Jessica Jamese McDonald

Jessica Jamese McDonald

A Birmingham woman shot to death Friday in Anniston spent the majority of her night coaching the Midfield High School color guard through homecoming before coming to Anniston to see her husband, her mother said.

“We were together doing the girls’ makeup, their hair, tailgating and the game,” Jessica Jamese McDonald’s mother, Robbie Blair, said by phone Tuesday. “She departed me on a good note, with a smile and happy.”

McDonald, 23, was shot and killed in a 1993 Honda Accord at what her mother said was a motorcycle rally near the 600 block of South Noble Street. Natasha Lynette Jones-Chain, 39, of Chattanooga was arrested and charged with capital murder in connection with McDonald’s death, Anniston police Sgt. Kyle Price wrote in a news release.

McDonald grew up in Birmingham, attending both Jefferson County schools and Birmingham City Schools before graduating from E.B. Erwin High School in Center Point in 2011, Blair said. It was in high school where she performed in the color guard, and that love took her to Midfield High School to coach, her mother said.

Blair said what she’ll remember about her daughter is her spirituality.

“I’ll always remember the way she performed and danced in church,” Blair said.

McDonald not only leaves behind the young girls she coached on color guard, her mother said, but also two children, 3-year-old Essence Blair and 2-year-old Elijah Blair. According to Jefferson County probate records, McDonald got married less than two weeks ago. Attempts to reach her husband Tuesday were unsuccessful.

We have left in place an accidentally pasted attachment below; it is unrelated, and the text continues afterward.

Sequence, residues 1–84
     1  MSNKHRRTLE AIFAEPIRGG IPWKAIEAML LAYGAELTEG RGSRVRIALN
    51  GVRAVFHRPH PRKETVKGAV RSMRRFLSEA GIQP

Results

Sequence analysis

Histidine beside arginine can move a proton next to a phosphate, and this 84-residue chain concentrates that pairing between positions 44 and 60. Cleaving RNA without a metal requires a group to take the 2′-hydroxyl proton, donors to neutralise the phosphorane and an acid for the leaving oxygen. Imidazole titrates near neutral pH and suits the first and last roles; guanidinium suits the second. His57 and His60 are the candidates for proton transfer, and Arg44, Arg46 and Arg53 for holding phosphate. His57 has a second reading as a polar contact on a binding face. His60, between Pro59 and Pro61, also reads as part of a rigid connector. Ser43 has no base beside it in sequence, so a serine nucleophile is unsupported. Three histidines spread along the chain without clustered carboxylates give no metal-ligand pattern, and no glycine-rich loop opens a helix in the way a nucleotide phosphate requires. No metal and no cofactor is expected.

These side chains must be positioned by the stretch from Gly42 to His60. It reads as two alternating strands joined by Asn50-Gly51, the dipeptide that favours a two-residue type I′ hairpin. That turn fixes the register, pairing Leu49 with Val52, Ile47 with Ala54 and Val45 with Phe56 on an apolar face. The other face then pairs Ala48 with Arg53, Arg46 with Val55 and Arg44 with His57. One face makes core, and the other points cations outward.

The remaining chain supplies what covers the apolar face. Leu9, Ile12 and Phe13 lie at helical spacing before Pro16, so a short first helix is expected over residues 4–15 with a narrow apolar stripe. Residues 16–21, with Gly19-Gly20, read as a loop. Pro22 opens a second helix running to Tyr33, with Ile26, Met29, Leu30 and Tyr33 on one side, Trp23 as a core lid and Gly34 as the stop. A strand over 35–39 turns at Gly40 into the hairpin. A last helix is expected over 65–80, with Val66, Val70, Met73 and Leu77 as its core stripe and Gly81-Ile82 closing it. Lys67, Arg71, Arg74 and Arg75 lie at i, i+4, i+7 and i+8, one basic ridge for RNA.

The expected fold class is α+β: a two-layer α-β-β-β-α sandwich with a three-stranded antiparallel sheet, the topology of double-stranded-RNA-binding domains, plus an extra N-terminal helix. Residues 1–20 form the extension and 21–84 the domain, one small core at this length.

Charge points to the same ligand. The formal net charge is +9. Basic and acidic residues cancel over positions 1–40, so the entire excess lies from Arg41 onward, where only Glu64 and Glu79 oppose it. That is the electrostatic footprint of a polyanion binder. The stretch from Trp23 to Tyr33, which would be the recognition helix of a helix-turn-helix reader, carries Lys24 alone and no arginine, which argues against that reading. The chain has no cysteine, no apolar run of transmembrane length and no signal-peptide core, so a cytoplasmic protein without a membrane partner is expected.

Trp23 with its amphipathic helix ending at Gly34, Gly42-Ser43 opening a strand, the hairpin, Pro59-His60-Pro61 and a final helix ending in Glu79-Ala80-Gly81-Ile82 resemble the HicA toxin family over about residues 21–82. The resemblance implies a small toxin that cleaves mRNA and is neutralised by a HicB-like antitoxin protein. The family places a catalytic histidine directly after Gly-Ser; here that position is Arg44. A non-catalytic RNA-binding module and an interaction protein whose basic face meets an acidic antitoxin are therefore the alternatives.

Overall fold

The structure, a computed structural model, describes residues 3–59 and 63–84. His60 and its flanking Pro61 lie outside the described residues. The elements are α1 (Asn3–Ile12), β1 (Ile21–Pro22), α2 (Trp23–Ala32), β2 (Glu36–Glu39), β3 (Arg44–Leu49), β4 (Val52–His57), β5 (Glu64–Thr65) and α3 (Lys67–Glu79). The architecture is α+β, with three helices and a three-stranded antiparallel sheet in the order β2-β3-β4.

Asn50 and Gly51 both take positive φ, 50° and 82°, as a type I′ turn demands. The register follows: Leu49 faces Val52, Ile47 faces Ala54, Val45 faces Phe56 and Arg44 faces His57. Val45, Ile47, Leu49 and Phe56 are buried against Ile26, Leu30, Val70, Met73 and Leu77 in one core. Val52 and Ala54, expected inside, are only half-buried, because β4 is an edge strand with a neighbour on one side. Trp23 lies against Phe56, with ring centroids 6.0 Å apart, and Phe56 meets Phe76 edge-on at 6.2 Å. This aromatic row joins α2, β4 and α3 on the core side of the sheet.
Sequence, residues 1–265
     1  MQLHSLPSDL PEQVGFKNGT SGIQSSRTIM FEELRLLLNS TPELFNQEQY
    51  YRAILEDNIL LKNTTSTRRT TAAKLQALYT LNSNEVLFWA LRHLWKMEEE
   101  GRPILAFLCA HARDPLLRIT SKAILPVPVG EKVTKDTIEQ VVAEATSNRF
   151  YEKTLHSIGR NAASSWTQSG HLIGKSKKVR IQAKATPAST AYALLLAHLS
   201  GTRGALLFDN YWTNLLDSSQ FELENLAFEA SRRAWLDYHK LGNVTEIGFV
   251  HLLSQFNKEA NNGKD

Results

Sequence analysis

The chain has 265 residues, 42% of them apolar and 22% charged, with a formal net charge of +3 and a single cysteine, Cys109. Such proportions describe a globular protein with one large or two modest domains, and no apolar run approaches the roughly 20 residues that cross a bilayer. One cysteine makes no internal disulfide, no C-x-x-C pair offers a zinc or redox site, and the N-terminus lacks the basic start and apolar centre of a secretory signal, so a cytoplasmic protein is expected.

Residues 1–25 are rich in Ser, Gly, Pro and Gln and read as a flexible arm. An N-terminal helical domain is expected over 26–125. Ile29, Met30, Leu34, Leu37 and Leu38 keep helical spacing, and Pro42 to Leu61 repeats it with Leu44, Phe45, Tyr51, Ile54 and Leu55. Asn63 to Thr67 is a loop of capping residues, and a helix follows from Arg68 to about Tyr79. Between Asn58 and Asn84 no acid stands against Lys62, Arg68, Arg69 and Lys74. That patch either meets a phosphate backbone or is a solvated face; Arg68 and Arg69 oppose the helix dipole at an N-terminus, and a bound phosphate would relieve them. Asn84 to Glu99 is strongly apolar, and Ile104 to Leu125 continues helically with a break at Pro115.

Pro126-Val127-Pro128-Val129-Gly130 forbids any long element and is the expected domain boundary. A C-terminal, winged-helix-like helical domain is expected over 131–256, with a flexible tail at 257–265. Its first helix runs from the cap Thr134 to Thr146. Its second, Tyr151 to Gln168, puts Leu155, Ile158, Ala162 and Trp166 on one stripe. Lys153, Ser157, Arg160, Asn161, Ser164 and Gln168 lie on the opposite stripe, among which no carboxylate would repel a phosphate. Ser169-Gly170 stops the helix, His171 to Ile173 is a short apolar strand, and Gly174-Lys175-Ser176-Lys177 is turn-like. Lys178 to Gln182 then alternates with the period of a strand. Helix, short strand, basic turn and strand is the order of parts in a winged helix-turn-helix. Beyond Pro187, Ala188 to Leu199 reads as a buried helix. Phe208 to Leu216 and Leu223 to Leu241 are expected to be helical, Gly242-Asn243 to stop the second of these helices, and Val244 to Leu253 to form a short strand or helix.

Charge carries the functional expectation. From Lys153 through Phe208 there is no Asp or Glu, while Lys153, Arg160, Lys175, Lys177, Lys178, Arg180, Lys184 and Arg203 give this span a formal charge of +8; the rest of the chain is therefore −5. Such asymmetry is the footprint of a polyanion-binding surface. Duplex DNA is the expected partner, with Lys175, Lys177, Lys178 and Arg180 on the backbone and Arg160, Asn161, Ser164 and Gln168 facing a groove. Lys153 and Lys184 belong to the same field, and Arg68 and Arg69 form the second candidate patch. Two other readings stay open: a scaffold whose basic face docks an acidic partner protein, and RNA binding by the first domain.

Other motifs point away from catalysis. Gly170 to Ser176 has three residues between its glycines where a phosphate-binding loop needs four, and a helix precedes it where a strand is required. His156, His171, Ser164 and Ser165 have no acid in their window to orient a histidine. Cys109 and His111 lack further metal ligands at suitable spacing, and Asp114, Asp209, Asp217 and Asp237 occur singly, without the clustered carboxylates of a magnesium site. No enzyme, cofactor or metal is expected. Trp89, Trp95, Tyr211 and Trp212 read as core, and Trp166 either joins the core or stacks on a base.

“She was a single mom but her stepfather and I helped out as much as we could,” Blair said. “Because of her age, I was the one who often had to bring down the hammer on them. They looked to her like an older sister and to me like their mom.”

Both children will live with Blair and her husband, she said.

“She was my best friend,” Blair said. “I’m her momma but she’s my best friend. She was no angel but that’s my baby and she was my child.”

Jones-Chain remained in the Calhoun County Jail on Tuesday without bond.

Under Alabama law, if a victim is killed while in a vehicle the suspect can be charged with capital murder, punishable on conviction by life in prison or the death penalty.

Efforts to reach investigators with the Anniston Police Department were not immediately successful Tuesday.

Services for McDonald, her mother said, were scheduled for Saturday at 11 a.m. at Rushing Spring Baptist Church in Tarrant City.

​Staff writer Kirsten Fiscus: 256-235-3563. On Twitter @kfiscus_star.

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